• It Must Be Mine: In Myth Directions, Tanda the Trollop assassin wants to procure a hideous green frog statue whose only value is as a trophy in a sporting competition, as a birthday present for Aahz. Hilarity Ensues. Then gets cranked even higher when Aahz learns about his intended gift and includes snatching it back as part of the plan to deal with the hilarity.
    • Even funnier is how it happens. Aahz chews Skeeve out when he learns that the thing everyone's been going nuts over is a butt-ugly statue. But as soon as Skeeve admits that it was supposed to be his birthday present, Aahz practically falls in love with it.
  • Judgment of Solomon: Subverted in Hit and Myth. The decision is rendered by Skeeve (while disguised as King Roderick) regarding a dispute over a cat, but:

 "This was supposed to inspire them to settle their difference with a quick compromise. Instead, they thanked me for my wisdom, shook hands, and left smiling, presumably to carve up the cat."

  • Kayfabe: Used in-universe by two Trolls from a Myth-Told Tales story, who secretly have a conversation while appearing to beat the living crap out of each other.
  • Ley Lines: These are necessary for the casting of any magic whatsoever.
  • Living Legend: Skeeve the Magnificent, renowned across the dimensions. And it costs an arm and a leg to hire him because of it.
  • Loads and Loads of Characters
  • Long Running Book Series
  • Lost Him in a Card Game: Subverted. This was deliberately done on the orders of the "child" in question so as to infiltrate the hero's household.
  • The Magic Poker Equation: Justified in Little Myth Marker, as Skeeve has no skill or knowledge of the game in question, betting everything on the first hand without even looking at the cards. By reducing the game to what amounts to a coin flip, he renders skill irrelevant.
  • Masochist's Meal: All of Pervian food. According to Aahz: "The biggest problem with Pervian food is to keep it from crawling away from your dish while you are eating it..."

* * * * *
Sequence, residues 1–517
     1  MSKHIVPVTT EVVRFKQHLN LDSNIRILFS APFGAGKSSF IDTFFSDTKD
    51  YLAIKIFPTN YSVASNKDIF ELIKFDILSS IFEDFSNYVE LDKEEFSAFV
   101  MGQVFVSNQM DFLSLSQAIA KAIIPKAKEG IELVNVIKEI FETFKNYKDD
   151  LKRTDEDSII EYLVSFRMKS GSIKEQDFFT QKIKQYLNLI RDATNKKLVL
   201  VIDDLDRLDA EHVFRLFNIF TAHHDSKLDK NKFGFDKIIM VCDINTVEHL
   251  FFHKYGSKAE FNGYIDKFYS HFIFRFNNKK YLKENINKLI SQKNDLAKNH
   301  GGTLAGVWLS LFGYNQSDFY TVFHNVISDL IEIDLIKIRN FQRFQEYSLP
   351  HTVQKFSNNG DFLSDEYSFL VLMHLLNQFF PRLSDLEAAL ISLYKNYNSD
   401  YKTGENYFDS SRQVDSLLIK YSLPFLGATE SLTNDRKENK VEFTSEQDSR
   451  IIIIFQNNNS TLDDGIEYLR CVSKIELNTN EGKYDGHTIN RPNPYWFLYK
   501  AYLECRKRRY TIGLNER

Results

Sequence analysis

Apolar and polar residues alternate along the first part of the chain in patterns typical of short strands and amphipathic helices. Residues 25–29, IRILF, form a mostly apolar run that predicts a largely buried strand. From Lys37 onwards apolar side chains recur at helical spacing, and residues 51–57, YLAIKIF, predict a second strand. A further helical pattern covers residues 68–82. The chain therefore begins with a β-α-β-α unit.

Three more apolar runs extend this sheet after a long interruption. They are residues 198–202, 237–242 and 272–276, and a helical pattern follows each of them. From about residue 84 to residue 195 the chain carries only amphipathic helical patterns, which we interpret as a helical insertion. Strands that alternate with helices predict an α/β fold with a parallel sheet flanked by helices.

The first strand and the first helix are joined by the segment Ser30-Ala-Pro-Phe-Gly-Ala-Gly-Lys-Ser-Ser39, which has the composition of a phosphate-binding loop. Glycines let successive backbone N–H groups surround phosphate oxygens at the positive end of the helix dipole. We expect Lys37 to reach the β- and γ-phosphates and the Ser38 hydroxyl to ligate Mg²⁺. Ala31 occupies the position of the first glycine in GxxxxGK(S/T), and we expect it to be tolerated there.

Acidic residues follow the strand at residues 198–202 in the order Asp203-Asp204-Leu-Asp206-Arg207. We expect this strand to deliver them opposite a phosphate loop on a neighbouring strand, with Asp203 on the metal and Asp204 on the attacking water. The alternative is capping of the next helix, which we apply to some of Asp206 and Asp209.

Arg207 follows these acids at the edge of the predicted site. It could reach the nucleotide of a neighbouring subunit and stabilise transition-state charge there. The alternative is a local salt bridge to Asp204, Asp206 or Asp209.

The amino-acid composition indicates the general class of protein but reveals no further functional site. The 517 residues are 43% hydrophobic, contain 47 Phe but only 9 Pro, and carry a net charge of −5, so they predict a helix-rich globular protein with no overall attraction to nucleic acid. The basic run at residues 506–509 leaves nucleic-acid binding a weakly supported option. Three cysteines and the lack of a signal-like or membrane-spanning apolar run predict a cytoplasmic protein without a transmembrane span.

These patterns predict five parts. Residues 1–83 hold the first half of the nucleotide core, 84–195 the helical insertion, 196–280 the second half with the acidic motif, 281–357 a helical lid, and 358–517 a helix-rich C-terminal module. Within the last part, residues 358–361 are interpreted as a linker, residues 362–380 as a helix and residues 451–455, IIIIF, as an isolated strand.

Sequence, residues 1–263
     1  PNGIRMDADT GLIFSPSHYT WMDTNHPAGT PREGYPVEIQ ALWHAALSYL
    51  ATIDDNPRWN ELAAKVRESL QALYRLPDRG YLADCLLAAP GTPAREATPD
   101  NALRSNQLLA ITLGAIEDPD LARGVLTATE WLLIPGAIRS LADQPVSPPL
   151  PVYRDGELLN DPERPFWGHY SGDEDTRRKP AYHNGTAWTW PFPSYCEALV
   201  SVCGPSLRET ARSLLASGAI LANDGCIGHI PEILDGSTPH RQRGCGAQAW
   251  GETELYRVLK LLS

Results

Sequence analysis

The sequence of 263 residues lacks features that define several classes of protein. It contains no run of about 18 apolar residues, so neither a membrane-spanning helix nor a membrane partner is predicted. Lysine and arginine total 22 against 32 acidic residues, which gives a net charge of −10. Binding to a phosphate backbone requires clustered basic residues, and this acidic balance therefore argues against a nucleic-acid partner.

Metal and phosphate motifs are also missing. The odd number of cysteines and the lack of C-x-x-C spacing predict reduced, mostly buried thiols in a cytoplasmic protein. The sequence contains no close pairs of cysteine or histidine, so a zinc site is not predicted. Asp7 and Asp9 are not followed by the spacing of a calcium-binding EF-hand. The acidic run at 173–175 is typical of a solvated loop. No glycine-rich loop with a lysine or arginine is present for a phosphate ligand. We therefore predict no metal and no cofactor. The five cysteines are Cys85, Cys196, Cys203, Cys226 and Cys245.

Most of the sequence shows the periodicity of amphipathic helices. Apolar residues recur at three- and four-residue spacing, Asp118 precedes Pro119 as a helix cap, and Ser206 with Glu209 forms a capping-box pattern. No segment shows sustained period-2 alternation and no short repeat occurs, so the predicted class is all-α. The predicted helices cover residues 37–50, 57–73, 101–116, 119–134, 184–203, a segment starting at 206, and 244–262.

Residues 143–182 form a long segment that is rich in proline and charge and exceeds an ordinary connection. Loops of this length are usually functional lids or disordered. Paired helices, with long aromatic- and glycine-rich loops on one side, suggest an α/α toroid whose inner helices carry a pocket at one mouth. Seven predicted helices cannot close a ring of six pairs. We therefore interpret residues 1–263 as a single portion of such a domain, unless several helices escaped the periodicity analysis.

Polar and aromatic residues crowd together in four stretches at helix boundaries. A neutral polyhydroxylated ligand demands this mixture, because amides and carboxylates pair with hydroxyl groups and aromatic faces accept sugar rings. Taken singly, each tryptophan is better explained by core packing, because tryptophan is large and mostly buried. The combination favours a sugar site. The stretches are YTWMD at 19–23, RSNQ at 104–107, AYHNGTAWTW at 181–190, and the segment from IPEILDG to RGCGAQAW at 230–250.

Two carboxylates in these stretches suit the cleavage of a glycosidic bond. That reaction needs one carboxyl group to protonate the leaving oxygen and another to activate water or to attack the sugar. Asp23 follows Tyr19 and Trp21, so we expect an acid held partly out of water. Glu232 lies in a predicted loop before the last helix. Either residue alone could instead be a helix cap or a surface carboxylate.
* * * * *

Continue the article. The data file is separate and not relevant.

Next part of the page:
• Master Apprentice Chain: Garkin & Aahz > Skeeve > Massha
  • Mildly Military: The Possiltum military is under funded and underfed, so it's justified that they're insubordinate and incompetent.
  • More Hero Than Thou: Who gets to go through the door (Myth-ing Persons)? Also, who gets to whack Hemlock (M.Y.T.H. Inc. In Action)?
  • Naive Newcomer: Skeeve.
  • No One Gets Left Behind: The villain reaction is elaborated upon by Guido and Nunzio in M.Y.T.H. Inc. in Action - aside from the benefits of a live prisoner, wounding a soldier takes three out of the action - one man down, one to carry him, and one to report back to his superiors.
  • Not-So-Imaginary Friend: Gremlins, see above.
  • Obfuscating Stupidity: The entire race of Trolls embrace this trope, apparently having found it difficult to get work if they spoke as eloquently as they do among themselves. Also true of dragons, who aren't even considered sentient. What fools these mortals be...
  • Older Than They Look: Markie
  • Our Demons Are Different: In this case, a "demon" is just a dimensional traveler. Some of these, the Deveels, do look the part, but a human outside his home plane would be considered a demon as well.
  • Our Genies Are Different: The denizens of Djinger are all strapped for cash and hire themselves out to work in magic lamps, rings, bottles, and so forth. Beyond that, they work entirely on hype.
    • Not entirely. The Djinni explains to Skeeve (but only AFTER he had already technically fulfilled his contractual obligation and was about to leave at Skeeve's insistance) that he had been deliberately underselling his abilities so that Skeeve would be more impressed when he finally DID perform his single service. He gives Skeeve a Self Reliance Aesop Speech before leaving.
  • Parody Magic Spell: All incantations are fake trappings meant to impress Muggles. Quite a lot of them fall under the trope, including "Alakazam-shazam" and the perennial favourite "Walla Walla, Washington".
  • Please Put Some Clothes On: Skeeve has this problem with Queen Hemlock and Bunny. The fact that he's embarrassed tips off Hemlock that he's not who he's magically disguised as.